LSU Ruling Bodes Well for Ohio State
By Brandon Castel
COLUMBUS, Ohio — The NCAA Committee on Infractions ruled Tuesday that LSU committed major violations in their recruitment of junior college defensive lineman Akiem Hicks.
However, they did not hit the Tigers with a postseason ban or future scholarships reduction, opting instead to accept LSU’s self-imposed reduction of two scholarships during the 2010-11 academic year.
It also includes a 10 percent reduction in official visits along with reductions in recruiting calls, which the university already began during the 2010 season.
While the ruling does not directly affect Ohio State’s ongoing NCAA investigation, the decision not to lower the hammer would seem to have major implications on next month’s meeting.
Committee chairman Dennis Thomas believes LSU committed “major” violations when former assistant coach D.J. McCarthy improperly arranged transportation and housing for Hicks in 2009.
Thomas said the punishment could have been much worse for the Tigers if not for the university’s immediate action and subsequent cooperation with the NCAA investigation.
“The committee really felt that the LSU compliance staff and institution did an excellent job,” said Thomas, who also serves as commissioner of the Mid-Eastern Athletic Conference.
“And that they assisted the (NCAA) enforcement staff in the investigation regarding these violations.”
That statement should make Ohio State feel a lot better about their situation heading into the Aug. 12 meeting with the Committee on Infractions.
On the surface, it bodes incredibly well for Ohio State officials, who have worked with the NCAA investigators every step of the way. Like LSU, they self-reported violations after being contacted by the Justice Department back in December and they eventually pushed Jim Tressel into retirement.
Along with that and the 5-game suspensions of the players involved, the University recently proposed a 2-year probation period and a vacating of all 12 wins from the 2010 season.
Based on the committee’s recent rulings against LSU and Georgia Tech, the Buckeyes should be in the clear when it comes to avoiding a postseason ban or major scholarship reductions, but a lot could hinge on the testimony of their former head coach.
Unlike the other situations, the biggest violation committed at Ohio State was Tressel’s failure to alert the proper authorities when he learned that Terrelle Pryor and DeVier Posey had likely committed NCAA violations.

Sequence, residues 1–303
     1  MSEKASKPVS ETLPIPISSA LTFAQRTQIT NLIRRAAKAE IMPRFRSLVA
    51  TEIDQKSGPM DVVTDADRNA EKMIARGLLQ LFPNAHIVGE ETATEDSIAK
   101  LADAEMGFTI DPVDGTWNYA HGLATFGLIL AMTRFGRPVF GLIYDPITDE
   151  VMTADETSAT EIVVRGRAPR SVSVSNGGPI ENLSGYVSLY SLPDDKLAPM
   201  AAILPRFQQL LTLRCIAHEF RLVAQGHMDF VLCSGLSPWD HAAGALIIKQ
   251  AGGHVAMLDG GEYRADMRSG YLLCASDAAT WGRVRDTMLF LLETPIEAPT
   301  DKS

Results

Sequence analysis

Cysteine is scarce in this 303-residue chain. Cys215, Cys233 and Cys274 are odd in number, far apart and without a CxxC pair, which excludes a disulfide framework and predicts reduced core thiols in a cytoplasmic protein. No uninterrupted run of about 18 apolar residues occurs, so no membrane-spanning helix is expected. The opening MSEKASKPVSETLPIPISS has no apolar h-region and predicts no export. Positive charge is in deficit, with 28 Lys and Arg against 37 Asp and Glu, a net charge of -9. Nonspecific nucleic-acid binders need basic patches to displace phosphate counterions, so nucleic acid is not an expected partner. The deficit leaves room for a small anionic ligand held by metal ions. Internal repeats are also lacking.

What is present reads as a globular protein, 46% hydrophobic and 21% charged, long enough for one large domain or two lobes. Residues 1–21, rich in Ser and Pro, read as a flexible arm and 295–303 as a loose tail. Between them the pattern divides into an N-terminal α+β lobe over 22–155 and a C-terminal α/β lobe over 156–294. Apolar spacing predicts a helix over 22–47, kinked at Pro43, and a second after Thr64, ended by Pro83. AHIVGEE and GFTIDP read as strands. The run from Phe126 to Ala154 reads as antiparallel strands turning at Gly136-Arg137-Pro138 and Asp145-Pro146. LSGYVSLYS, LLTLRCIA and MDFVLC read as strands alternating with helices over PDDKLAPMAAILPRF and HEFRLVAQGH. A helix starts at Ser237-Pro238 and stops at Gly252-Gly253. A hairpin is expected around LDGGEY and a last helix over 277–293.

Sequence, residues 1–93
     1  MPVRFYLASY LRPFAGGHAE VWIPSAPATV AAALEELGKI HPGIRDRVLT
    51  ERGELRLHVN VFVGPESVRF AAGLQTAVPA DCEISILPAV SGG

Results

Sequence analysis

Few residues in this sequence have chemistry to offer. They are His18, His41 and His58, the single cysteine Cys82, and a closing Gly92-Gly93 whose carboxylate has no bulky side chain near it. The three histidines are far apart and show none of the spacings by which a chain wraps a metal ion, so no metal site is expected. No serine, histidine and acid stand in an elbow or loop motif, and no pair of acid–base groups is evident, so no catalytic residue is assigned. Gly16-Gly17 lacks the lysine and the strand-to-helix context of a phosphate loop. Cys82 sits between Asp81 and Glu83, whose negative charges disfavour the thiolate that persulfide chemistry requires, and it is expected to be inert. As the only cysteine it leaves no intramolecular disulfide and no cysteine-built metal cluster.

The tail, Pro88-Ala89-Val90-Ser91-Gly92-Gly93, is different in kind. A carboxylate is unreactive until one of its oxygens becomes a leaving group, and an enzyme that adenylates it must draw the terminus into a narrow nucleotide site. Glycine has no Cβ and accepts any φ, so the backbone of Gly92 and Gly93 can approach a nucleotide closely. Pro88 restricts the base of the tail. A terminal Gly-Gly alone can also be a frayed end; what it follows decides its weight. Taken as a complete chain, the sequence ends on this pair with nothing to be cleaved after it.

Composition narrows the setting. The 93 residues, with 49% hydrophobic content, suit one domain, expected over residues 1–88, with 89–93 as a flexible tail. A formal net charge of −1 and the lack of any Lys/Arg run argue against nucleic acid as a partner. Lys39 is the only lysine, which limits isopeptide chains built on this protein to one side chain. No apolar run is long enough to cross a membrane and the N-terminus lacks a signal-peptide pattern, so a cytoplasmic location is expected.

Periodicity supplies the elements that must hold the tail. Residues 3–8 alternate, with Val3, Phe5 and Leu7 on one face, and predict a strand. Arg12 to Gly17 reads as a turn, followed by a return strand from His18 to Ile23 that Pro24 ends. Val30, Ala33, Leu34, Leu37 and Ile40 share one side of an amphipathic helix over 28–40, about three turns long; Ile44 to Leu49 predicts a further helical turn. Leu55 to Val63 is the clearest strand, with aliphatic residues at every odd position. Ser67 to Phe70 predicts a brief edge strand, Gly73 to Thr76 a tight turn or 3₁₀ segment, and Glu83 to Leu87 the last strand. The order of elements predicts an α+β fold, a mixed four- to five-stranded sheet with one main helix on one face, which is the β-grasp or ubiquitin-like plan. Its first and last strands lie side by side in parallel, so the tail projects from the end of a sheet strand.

The university initially stood behind Tressel, but now Ohio State is hoping to pin the bulk of responsibility on his shoulders. As the committee’s chairman, Thomas specifically pointed out the fact LSU senior associate athletic director Miriam Segar acted swiftly upon learning of the possible violations committed by McCarthy.
“That was critical,” Thomas said.
“If that had not been done, the institution could have really been under more severe and serious penalties as well.”
It is for that reason that Ohio State must paint these violations as a Jim Tressel problem and not an institutional one. If they can show that Gene Smith and the OSU compliance department acted promptly and appropriately when they learned about Tressel’s misconduct in January, they may receive the same type of leniency from Thomas and the Committee on Infractions.
The fact Tressel did not act according to NCAA standards means he must play the role of the bad guy while Ohio State explains why they did not initially come down harder than a 2-game suspension after it was discovered he knew about potential violations as early as last April.
If they can do that, Ohio State should be able to avoid the kind of program-altering sanctions that come with schools that are hit with Lack of Institutional Control and Failure to Monitor.
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